Happy Birthday to the LAVA LAMP: Fifty Years of Cool Wax!

This piece was originally published July 15th, 2013.

Lava Lamp IconIn the mid-Fifties, a former WWII pilot and post-war British accountant named Edward Craven Walker was at a local English country pub called Queen’s Head along with a friend, and found himself staring at a homemade egg timer made by one of the pub’s regulars.

This particular object, which Walker described as a “contraption made out of a cocktail shaker, old tins and things” dated from WWII, and was filled with two immiscible liquids (liquids that do not mix together).

As the contents, “odd oily globules” were heated upon the pub’s stove, the wax rose and signaled that your egg was ready.

Inspired, he purchased the egg timer/lamp and worked for a decade and a half tinkering with various liquids and containers in an attempt to create a better version. He achieved his goal in 1963.

Walker filed a patent for a “Display Device” in 1965 and but had already started merchandising his creation in September of 1963 as a company called Crestworth Ltd. using the name Astro Lamp.

 

Edward Craven Walker

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Standing At The Sky’s Edge: RICHARD HAWLEY’s Unexpected Musical Turn

This piece was originally published June 4th, 2012.

Richard Hawley Post TemplatePsychedelic Rock by its usual connotation, conjures up effects laden productions, replete with swirling overdriven guitars, echoed vocals, feedback squalls, Eastern model musical scales and exotic instrumentation drenched in reverb, all of which hearkens back to the acid fueled music of the late sixties and an early practitioner such as Jimi Hendrix.

The freedom that this music has given musicians and listeners has ensured that regardless of whether any of the participants have ingested mind altering substances or not, over the decades the fresh breath of Psychedelia has been an influences for artists, bands and music fans.

The sounds of Psychedelia have come back time and again as a healthy kick in the seat of musical complacency.

So while the anger of punk might have been the thing to give a big angry boost to said bloated complacency in the mid seventies, the creativity and subtleties allowed within the giant umbrella that is Psychedelia is often the direction to turn to when a sprinkling of something special, perhaps a small pinch of musical “Saffron,” is needed.

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Richard Hawley’s newest album Standing At the Sky’s Edge (Parlophone) is a perfect example of taking a great discography of near perfect albums and stretching out with a different and a very unexpected musical turn.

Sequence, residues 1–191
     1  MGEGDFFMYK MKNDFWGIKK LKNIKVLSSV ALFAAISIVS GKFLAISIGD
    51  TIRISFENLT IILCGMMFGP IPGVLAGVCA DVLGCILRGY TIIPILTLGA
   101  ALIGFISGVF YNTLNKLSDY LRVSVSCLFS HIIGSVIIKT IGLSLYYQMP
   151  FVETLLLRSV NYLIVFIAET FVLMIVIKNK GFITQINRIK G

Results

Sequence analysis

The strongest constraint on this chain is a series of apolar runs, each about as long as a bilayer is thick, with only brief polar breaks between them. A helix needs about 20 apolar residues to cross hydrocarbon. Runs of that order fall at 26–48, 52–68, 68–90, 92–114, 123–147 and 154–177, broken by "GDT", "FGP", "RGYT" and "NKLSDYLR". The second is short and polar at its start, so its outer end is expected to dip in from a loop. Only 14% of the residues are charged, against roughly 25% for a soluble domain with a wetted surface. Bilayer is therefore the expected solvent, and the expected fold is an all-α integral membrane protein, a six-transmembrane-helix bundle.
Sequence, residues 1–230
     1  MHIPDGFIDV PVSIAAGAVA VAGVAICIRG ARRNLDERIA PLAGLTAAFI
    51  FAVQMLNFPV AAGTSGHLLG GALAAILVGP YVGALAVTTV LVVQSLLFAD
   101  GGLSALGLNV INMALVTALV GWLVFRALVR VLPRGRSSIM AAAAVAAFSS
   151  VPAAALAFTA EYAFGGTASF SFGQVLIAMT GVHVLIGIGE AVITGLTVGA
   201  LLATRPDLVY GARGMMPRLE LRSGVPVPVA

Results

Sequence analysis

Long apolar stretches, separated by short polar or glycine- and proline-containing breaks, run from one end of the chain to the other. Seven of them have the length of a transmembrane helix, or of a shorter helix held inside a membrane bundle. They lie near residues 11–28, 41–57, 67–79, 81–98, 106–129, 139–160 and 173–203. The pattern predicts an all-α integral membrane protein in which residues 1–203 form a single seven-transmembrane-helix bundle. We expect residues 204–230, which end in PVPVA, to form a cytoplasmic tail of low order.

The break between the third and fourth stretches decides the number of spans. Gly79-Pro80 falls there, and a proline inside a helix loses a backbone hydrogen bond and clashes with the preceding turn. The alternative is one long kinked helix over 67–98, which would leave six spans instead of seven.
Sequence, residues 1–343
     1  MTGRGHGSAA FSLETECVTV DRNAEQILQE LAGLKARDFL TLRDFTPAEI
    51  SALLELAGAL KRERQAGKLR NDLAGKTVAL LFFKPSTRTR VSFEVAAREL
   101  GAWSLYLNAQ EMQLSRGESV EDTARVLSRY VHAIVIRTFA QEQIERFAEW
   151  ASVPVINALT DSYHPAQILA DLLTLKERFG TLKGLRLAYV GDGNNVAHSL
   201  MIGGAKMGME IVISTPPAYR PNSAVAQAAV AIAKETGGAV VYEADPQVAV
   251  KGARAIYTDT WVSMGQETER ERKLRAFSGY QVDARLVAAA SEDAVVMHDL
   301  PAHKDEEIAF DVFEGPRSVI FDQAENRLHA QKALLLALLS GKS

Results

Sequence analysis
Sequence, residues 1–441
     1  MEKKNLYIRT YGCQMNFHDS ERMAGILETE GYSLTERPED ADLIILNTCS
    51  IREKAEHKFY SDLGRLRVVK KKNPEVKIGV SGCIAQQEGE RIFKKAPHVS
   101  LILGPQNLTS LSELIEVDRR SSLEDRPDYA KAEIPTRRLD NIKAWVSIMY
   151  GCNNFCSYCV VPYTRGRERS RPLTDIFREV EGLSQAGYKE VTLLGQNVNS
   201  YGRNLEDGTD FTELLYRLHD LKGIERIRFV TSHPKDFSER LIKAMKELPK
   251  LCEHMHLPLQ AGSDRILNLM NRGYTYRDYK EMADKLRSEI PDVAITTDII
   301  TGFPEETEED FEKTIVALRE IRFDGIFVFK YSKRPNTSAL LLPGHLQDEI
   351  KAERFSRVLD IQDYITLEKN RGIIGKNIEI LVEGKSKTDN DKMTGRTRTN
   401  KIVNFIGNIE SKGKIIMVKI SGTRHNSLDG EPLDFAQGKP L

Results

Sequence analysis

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Richard Gottehrer: From Strange Candy to Dum Dum Pop

This piece was originally published february 8th, 2011.

I Want Candy Post IconOnce upon a time, back in the early ’60s, there was a trio of American songwriters/producers who, working as a team, had previously scored some major pop hits such as writing the chart topping song “My Boyfriend’s Back” for The Angels.

This trio, Bob Feldman, Jerry Goldstein and Richard Gottehrer (a.k.a. FGG Productions) then decided to get into the recording and performing act themselves.

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The Strangeloves sans the black sweaters

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They pretended to be three Australian brothers, Giles, Miles and Niles Strange, who hailed from a sheep farm down under, where they became wealthy via an invention for crossbreeding the long-haired “Gottehrer” sheep.

Now, having plenty of money and time on their hands, they figured it’d be fun to form a pop band, thereby naming themselves The Strangeloves.

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ECHO AND THE BUNNYMEN: An Intimate Evening At Great Scott

This piece was originally published October 26th, 2009

October 18, 2009.

Echo and The Bunneymen IconThings couldn’t have been more perfectly designed…seeing one of the legendary (and a favorite) post punk bands performing in Allston, MA at a tiny venue called Great Scott. Echo And The Bunnymen, in an extremely rare, intimate one-off return to playing a small room, not unlike their earliest days of performing in the clubs of Liverpool.

Little did I know that a freakish snow storm and terrifying driving experience would almost derail this grand opportunity.

Then again, it was also the perfect backdrop for seeing a band who has weathered the highs and lows of musical superstardom and continued to pilot their musical voyage through the “Seven Seas.”